COLOMBO — Sri Lanka’s central bank said on Wednesday the country was committed to honoring all forthcoming debt obligations, adding that the island nation was not on the verge of a sovereign default.
Sri Lanka is facing its worst financial crisis in decades, and foreign exchange reserves have fallen to $2.36 billion, according to Central Bank of Sri Lanka (CBSL) data.
“The government and the CBSL are committed to honor all forthcoming debt obligations,” the central bank said in a press release.
“The attention of the CBSL has been drawn to certain recent media reports which have claimed that Sri Lanka is at the verge of a sovereign default,” it added. “The CBSL wishes to state that such claims are totally unsubstantiated.”
The CBSL has taken necessary measures to secure alternative foreign exchange inflows through bilateral and multilateral funding arrangements with a plan to settle upcoming debt obligations, it said.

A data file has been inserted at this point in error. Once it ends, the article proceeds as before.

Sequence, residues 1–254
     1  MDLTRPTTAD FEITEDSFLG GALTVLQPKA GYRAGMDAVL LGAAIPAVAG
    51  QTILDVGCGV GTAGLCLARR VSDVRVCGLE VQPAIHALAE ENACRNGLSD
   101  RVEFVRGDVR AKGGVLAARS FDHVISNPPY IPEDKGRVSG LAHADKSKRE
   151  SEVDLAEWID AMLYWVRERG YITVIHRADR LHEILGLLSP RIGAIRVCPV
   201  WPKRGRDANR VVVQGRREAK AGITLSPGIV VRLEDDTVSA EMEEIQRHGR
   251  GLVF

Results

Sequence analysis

Sri Lanka has total outstanding sovereign bonds amounting to $12.55 billion, with a $1 billion of the bonds maturing in July 2022.
“With the realization of expected forex inflows and the resulting build-up of international reserves, the need for initiating discussions with investors on debt restructuring… does not arise,” the central bank said.
Citi Research on Monday said that confidence in the Sri Lankan government’s external repayment position remains weak and foreign exchange reserves were declining faster than expected.
“We stick to our base-case scenario that international bonds will need to be restructured by July,” Citi Research said. (Reporting by Uditha Jayasinghe and Devjyot Ghoshal; Editing by Tom Hogue and Raju Gopalakrishnan)